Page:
The back-lit morning wave,
Clarified emerald suddenly in olive,
Then gone; forever the cry of the Christ’s torso
In Rubens’ Elevation of the Cross;
A glass pepper shaker filled to overflowing
By a finger of fallen sun at the close
Of a most mundane afternoon.
Obsessed is perhaps too strong a word
But I seek the image of emergent light
In everything, as if a life’s collection
Of a thousand thousand such events
Becomes, finally, and somehow,
Through the slippery spirit’s incomprehensible means,
A perfect surrender. The desert hermit Antony
Is said to have needed no lamp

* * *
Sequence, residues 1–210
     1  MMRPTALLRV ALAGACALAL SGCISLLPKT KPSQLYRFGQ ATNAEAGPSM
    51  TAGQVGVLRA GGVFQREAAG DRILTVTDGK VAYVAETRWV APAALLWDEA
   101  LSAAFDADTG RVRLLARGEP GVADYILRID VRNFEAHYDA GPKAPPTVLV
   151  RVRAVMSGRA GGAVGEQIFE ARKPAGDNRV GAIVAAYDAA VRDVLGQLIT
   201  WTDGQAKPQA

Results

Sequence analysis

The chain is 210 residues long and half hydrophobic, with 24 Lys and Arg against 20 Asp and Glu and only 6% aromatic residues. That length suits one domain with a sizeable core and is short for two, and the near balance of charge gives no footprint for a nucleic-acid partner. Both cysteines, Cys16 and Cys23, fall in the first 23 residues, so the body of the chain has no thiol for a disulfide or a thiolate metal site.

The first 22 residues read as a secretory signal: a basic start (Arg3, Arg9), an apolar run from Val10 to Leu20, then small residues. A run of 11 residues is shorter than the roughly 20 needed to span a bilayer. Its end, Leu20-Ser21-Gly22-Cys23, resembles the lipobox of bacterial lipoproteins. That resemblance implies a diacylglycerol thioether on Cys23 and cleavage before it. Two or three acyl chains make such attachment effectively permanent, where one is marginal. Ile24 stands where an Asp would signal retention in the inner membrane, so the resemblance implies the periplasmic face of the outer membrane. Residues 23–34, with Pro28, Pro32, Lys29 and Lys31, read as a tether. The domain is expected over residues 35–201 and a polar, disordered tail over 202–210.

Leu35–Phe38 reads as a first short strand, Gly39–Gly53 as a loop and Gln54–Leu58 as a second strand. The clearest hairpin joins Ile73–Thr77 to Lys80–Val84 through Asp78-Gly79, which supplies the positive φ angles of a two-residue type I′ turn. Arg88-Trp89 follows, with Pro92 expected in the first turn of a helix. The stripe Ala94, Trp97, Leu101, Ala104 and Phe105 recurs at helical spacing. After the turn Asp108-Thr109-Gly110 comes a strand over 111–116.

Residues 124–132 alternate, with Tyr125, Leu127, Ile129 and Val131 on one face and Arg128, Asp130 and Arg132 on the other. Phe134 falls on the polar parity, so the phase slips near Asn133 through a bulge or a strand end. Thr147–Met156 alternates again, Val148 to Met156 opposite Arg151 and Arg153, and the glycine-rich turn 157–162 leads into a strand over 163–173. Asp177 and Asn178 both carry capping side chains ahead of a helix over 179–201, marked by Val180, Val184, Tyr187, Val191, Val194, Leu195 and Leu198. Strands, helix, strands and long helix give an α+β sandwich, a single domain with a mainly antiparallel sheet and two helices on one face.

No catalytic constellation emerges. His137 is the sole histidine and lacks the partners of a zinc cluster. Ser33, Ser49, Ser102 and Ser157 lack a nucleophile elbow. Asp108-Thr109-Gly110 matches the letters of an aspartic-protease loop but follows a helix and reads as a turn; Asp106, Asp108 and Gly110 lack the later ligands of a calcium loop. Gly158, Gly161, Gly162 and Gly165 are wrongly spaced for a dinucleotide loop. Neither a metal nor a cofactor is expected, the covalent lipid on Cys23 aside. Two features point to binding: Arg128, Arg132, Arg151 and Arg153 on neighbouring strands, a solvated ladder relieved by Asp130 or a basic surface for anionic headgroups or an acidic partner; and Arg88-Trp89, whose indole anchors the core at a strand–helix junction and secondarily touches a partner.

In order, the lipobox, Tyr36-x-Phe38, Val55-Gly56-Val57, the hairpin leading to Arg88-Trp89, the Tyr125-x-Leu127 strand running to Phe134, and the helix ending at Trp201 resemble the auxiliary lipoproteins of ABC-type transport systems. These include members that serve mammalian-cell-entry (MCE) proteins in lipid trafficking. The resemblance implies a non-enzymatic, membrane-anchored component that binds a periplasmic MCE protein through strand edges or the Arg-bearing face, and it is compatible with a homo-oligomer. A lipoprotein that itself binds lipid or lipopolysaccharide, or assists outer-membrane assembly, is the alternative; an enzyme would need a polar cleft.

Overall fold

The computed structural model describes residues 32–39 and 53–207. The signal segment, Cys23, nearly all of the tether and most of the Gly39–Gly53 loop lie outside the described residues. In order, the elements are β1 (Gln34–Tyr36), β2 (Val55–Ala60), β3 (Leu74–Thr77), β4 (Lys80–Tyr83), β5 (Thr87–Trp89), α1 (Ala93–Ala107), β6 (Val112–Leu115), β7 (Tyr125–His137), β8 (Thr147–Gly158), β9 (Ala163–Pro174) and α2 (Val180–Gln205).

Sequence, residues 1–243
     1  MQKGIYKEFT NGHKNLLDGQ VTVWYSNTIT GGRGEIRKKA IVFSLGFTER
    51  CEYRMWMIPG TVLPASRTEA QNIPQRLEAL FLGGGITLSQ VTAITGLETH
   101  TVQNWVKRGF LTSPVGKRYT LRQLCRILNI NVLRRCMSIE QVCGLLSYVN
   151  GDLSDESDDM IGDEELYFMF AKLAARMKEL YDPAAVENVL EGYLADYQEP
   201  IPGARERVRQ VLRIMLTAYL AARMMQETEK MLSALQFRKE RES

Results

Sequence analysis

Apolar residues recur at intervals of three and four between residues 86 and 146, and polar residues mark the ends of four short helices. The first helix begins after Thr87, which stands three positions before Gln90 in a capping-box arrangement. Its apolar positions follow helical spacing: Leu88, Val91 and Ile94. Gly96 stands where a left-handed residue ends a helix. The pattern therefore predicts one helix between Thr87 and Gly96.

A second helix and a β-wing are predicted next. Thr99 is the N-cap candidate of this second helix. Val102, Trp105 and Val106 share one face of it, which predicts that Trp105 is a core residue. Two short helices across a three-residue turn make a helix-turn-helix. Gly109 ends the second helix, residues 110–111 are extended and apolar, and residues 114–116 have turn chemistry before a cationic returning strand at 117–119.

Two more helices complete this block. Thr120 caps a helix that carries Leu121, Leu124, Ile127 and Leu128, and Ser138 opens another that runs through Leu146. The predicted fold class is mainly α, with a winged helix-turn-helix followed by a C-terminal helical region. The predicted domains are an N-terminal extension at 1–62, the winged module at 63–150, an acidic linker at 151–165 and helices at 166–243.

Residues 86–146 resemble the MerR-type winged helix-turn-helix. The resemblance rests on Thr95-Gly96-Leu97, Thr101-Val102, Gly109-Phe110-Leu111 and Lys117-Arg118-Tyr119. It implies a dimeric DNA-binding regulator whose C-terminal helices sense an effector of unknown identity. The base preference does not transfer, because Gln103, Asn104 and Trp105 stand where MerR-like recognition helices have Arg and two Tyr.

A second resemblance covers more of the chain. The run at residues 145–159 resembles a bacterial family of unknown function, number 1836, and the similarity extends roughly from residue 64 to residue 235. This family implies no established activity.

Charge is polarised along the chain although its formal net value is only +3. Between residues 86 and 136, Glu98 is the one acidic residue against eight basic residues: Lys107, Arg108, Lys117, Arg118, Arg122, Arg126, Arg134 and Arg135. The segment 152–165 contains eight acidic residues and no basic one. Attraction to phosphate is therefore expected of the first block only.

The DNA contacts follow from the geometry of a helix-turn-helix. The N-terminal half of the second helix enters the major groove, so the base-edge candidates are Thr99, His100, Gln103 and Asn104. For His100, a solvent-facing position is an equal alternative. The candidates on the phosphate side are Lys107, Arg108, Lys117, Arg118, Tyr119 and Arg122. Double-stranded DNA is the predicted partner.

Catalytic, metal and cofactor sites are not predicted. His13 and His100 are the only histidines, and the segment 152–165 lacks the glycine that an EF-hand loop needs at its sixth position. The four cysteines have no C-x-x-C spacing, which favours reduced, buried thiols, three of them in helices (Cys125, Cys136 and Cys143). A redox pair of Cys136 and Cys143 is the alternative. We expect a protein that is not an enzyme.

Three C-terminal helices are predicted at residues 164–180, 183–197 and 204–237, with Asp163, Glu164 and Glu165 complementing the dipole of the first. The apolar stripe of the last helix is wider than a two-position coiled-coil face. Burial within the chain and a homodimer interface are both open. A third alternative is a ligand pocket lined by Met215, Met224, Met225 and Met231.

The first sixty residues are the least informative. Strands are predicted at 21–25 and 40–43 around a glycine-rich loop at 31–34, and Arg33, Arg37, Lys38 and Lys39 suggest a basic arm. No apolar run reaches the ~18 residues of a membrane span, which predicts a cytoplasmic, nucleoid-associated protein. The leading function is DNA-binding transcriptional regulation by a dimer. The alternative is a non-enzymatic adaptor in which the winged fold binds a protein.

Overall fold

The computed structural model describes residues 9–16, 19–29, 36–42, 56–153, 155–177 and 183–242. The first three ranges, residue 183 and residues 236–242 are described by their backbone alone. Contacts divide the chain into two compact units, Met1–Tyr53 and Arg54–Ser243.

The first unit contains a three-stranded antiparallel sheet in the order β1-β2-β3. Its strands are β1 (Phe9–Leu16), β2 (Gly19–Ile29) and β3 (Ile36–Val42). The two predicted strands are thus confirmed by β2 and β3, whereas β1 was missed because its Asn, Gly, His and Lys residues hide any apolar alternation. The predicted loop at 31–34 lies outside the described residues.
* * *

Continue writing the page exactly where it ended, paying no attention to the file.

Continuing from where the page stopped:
To read Scripture in his cell at night, so bright
Was the manifest glow of his abandon.
This poem originally appeared in the June 2014 issue of Sojourners.
Image: Untitled by Mitch Loeber, on Flickr via a Creative Commons License.
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Sherry Grossmann says
During a recent visit to Amelia Island Museum of History, I read an article dated 1992 concerning a novel being written by Samuel Harrison involving his Harrison family history. As a member of the family, I was wondering if he had finished it?